General admission tickets are $15. Children 5 and under get in free. There will be no on-site tickets sold for Dec. 31. Tickets are available through www. sharpseating.com
A post-parade showcase of floats takes place at the intersection of Sierra Madre Boulevard and Washington Boulevard from 1 p.m. to 5 p.m., after the parade on Jan. 1 and again from 9 a.m. to 5 p.m. on Jan. 2. Tickets for viewings are $20 through Sharp Seating.
LA Zoo Family New Year’s Eve
The LA Zoo, 5333 Zoo
Drive, will have a family New Year’s Eve party in conjunction with its Zoo Lights show.
At 6 p.m., Dec. 31, guests can enjoy a buffet dinner with soft drinks and dessert, a carousel ride, games, a DJ dance party and a broadcast of the Times Square ball drop. There will be complimentary champagne for the adults and sparkling apple cider for the children.
Tickets are $74 for adults and $49 for children 2 to 12. See lazoo.org for details and tickets.
There are some interesting exhibitions that will be wrapping up soon, including:
• “W/ALLS: Defend, Divide and the Divine” at the
Annenberg Space for Photography, 2000 Avenue of the Stars. This exhibition features the works of over 70 artists and photographers examining the various aspects of walls — artistic, social, political and historical. The exhibition closes Dec. 29. Admission is free. The Annenberg is open 11 a.m. to 6 p.m., Wednesday through Sunday.
• “Dogs! A Science Tail.”
This exhibition lets guests see the world from a canine perspective. Experiences range from listening to hidden sounds that dogs can hear but humans can’t, excavating replicas of actual fossils to determine if they belong to wolves or dogs, walking a dog through an interactive neighborhood to understand how pets strengthen the community, and testing your pop-culture knowledge during a game of “Jeopawdy!” based on the show “Jeopardy.” Ticket prices range from $7.95 to $9.95 and available at www.californiasciencecenter.org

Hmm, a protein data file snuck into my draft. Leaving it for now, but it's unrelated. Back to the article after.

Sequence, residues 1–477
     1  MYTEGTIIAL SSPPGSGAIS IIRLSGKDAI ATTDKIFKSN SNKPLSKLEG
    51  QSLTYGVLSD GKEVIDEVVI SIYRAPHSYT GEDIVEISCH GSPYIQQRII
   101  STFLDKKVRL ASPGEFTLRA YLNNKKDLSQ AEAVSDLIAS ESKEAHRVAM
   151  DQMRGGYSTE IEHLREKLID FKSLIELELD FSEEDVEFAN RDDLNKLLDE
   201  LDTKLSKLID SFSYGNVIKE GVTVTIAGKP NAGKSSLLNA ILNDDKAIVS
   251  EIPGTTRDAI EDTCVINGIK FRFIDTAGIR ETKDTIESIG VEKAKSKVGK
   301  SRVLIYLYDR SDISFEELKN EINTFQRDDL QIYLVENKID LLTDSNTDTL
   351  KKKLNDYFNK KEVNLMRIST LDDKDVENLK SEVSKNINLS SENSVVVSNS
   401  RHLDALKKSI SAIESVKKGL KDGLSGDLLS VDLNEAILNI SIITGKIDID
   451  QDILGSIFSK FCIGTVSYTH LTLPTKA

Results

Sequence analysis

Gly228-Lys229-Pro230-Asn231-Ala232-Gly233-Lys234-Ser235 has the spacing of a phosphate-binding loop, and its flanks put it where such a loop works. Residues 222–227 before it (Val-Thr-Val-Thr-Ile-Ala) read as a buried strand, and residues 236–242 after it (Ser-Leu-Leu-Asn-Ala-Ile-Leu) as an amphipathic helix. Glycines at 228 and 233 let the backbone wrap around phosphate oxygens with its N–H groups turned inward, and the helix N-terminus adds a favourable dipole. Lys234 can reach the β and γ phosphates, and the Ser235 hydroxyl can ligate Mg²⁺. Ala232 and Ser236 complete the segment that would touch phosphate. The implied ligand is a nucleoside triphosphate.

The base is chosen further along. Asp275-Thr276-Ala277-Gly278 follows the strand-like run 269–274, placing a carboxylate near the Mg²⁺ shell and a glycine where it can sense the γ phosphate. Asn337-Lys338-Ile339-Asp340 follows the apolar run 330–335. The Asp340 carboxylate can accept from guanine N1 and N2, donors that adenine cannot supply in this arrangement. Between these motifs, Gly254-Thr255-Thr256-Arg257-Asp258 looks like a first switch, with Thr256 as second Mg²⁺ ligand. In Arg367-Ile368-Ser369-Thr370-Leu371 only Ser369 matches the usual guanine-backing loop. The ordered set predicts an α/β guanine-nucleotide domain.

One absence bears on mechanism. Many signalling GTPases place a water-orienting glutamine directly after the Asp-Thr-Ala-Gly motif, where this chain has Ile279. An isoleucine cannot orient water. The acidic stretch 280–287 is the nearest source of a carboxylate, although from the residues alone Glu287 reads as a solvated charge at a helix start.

The exhibition closes Jan. 5. The California Science Center is located at 700 Exposition Drive and is open daily from 10 a.m. to 5 p.m. Note that there’s a Rams game on Dec. 29 and traffic will be heavy that day.
• “Coyote Leaves the Res: The Art of Harry Fonseca and Indian Country: The Art of David Bradley at The Autry.” Using the figure of the coyote, Fonseca, a gay man of mixed ethnic heritage, used the figure of the coyote to navigate different aspects of his life and identity (personal favorites are coyotes as characters in the operas Carmen and La Boheme). Drawing influence from diverse sources such as Santa Fe–style painting of the 1930s–40s, Renaissance art, pop culture, advertising and film, Bradley’s work is at once serious and fun, historical and contemporary. Both exhibitions close Jan. 5. The Autry is located at 4700 Western Heritage Way and is open from 10 a.m. to 4 p.m., Tuesday through Friday and from 10 a.m. to 5 p.m., Saturday and Sunday. Admission is $14 for adults and $6 for kids 3 to 12. The Autry will be closed New Year’s Eve, but open, with free admission, on New Year’s Day.
The exhibits, “Coyote Leaves the Res: The Art of Harry Fonseca and Indian Country: The Art of David Bradley at The Autry,” will close Jan. 5.
The “Dogs! A Science Tail” exhibition lets guests see the world from a canine perspective.